Three months before the last battle of the American Revolutionary War (or War of Independence, depending on the point of view) in July 1781, a British convoy off present-day Nova Scotia proved that point.
In escort were five British navy ships. Frigate Charlestown was the largest, but was undermanned and underarmed.
Most of the group’s merchant ships were supplying or picking up material from the mines on Cape Breton Island, one was carrying soldiers to work at the mine, and four were headed toward Quebec City laden with salt and flour.
In escort were five British navy ships. Frigate Charlestown was the largest, but was undermanned and underarmed. Accompanying were HM Sloop Vulture, HM Armed Ship Allegiance, a victualler, Thompson and Quebec Provincial Marine Ship Jack.
The convoy sailed north from Halifax, N.S., on July 18, and rounded Scatarie Island early July 21, then headed for Spanish River (now Sydney harbour).
Two unknown sails were spied in the distance at about 10 a.m. Signalling Vulture to follow, Captain Henry Francis Evans, commander of the Charlestown, set off to investigate. Jack followed.
Alarmed when the strangers were unable to answer Charlestown‘s coded signals, the three British ships left to rejoin the convoy at about 2 p.m.
The mysterious ships slowly sailed into view: the enemy. French frigates L’Astrée and L’Hermione were already cleared for action.
After losing its Canadian colonies in the Seven Years’ War, France had been looking to regain power in North America. It was quick to leap on the opportunity presented by the Revolutionary War, gaining an ally by supplying the Americans with arms, ammunition, troops and naval support.
“I had desired so much the whole day to join the enemy,” wrote Jean-François de Galaup.
And that proved an advantage when the Anglo-French war broke out in 1778—the British had to stretch resources thin to fight in Europe and North America. French frigates frequently patrolled the Atlantic north coast looking for British prey.
“We chased and were forced to sail on the same tack, being three quarters of a mile [just over a kilometre] from the nearest ship,” reported Lieutenant de vaisseau Louis-René Levassor, Comte de Latouche-Tréville, captain of L’Hermoine. Unable to reach the convoy before it made shelter in the harbour, the French focused attention on the escorts, which had formed a battle line.
“I had desired so much the whole day to join the enemy,” wrote Jean-François de Galaup, Comte de La Pérouse, captain of L’Astrée. He first fired his gun at 7 p.m.
The French aimed to move up the British line from the rear, taking the smaller ships out of action so they could concentrate on Charlestown. The plan worked, according to a description of the battle on awiatsea.com.
“Captain Evans was wounded at the first broadside from L’Astrée’s guns,” and later died. “First Lieutenant David MacKay took charge of Charlestown. The Vulture moved up to support the Charlestown.
“The Charlestown was pouring a very ‘lively’ fire into L’Astrée.” L’Hermione was right astern. “Sailing faster than L’Astrée I doubled under the wind and found myself…forced to take the front, and then to sustain [the fire] of the Allegiance and the Vernon.”
George, in the Vulture, saw L’Hermione pull around L’Astrée, and “with much judgment and undaunted bravery” passed ahead of the Charlestown “to relieve her from so unequal a contest, by taking the fire of the Hermione… George brought her within pistol shot of L’Hermione, while the Charlestown and L’Astrée fought it out.”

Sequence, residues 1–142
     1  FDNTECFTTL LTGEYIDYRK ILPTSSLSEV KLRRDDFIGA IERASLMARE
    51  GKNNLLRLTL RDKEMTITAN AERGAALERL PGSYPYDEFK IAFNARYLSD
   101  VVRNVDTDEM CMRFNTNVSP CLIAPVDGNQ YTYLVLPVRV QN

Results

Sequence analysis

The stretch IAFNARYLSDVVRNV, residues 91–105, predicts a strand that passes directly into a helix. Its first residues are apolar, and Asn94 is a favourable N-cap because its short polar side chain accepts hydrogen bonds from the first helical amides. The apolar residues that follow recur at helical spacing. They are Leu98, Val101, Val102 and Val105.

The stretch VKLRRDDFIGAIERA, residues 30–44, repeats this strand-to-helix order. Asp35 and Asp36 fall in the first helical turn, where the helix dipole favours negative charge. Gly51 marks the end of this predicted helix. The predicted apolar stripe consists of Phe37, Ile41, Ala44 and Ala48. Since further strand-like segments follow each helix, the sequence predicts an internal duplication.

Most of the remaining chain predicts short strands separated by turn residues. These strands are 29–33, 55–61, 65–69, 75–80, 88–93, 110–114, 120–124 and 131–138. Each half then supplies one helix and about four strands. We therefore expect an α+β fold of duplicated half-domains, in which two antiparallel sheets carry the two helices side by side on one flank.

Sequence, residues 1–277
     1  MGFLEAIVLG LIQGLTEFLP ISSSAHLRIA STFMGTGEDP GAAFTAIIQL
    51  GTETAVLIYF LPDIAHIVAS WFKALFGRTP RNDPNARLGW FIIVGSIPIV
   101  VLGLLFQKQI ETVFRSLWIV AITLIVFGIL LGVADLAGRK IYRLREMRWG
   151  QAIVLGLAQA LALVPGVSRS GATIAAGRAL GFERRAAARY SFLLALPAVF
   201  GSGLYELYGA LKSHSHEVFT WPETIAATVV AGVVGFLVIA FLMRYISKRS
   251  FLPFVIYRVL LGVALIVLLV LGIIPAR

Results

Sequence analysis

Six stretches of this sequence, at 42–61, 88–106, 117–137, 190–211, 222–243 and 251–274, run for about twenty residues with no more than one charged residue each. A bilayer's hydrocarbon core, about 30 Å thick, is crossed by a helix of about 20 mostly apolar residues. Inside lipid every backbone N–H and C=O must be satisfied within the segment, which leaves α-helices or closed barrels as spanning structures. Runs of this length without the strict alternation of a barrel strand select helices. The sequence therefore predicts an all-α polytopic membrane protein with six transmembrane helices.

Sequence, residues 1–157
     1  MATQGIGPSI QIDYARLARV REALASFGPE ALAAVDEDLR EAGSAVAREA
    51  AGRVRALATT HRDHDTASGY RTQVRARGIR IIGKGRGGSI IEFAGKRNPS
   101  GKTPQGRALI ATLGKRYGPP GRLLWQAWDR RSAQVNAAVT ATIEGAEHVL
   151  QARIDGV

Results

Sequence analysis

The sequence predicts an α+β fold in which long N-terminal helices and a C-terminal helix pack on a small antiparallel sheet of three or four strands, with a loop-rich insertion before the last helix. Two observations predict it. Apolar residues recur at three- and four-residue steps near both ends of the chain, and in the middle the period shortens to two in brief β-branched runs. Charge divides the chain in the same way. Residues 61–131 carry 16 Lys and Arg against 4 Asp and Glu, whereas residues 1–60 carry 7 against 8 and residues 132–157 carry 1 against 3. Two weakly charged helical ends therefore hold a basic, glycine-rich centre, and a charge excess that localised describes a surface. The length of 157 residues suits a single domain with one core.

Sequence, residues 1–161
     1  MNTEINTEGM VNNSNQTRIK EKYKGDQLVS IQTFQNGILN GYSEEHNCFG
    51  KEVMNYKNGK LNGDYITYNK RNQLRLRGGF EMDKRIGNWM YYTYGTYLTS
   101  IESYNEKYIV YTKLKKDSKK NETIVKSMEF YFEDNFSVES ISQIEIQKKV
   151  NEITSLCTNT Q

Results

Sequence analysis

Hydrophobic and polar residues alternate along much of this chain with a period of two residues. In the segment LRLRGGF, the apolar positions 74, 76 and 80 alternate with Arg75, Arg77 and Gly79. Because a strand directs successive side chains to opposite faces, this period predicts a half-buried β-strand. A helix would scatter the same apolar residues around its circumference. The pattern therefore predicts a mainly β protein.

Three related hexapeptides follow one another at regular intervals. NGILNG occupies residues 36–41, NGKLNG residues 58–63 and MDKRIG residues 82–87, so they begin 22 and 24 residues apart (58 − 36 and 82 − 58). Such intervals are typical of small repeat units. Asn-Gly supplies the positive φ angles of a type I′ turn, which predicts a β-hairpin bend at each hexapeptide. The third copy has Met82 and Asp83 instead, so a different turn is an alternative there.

The French were outraged that Charleston, which they thought had surrendered, began to sail away.
By this time, all the ships were damaged, sails were shredded and masts had been blown to bits, bringing down the rigging needed to operate. As cannonballs ripped through wooden masts and bulwarks, crews were sprayed with deadly slivers and shrapnel.
Twice L’Hermoine’s crew had to put out fires. Charlestown and Vulture were so damaged they could not continue to fight. Jack, fired upon from point-blank range, struck her colours and was captured.
By 8:15 p.m., the top mast of the Charlestown was shot away as well as the mast carrying the ship’s ensign. The French said the ship struck its colours indicating surrender, but the English maintained another flag was immediately hoisted to indicate Charlestown was still in action.
The Charlestown could not be seized so long as it was protected by the other British ships, so the French concentrated fire on them instead.
At 8: p.m., with darkness falling, the battle was over.
“Had we been favoured with two hours more of day-light, or a clear night, we should have taken six vessels,” said La Pérouse.
Accounts of what happened next also differ depending on point of view.
The French were outraged that Charleston, which they thought had surrendered, began to sail away. Since Jack was secure, its crew locked in the hold and guarded by sentries, the French gave chase in the dark.
“At 11 o’clock at night, not knowing what course the enemy had taken, I laid by,” reported La Pérouse, who hoped Charlestown was so damaged it would stop, too.
The British believed the French had received such a beating that they had sought safety in the darkness. The three British ships sailed away into the night, changing course to evade detection while they made repairs.
The next morning, a fog rolled in to conceal the British escort ships.
The frustrated French fled to Boston, arriving on July 23. The British limped into Halifax seven days later.
The French rued the nightfall. “Had we been favoured with two hours more of day-light, or a clear night, we should have taken six vessels,” said La Pérouse.
“Charlestown…was compelled to strike her flag but the darkness of night prevented us from taking possession of her,” said Latouche-Tréville.
The British praised the gallantry of Charlestown and Vulture, who not only escaped capture themselves, but prevented seizure of the convoy.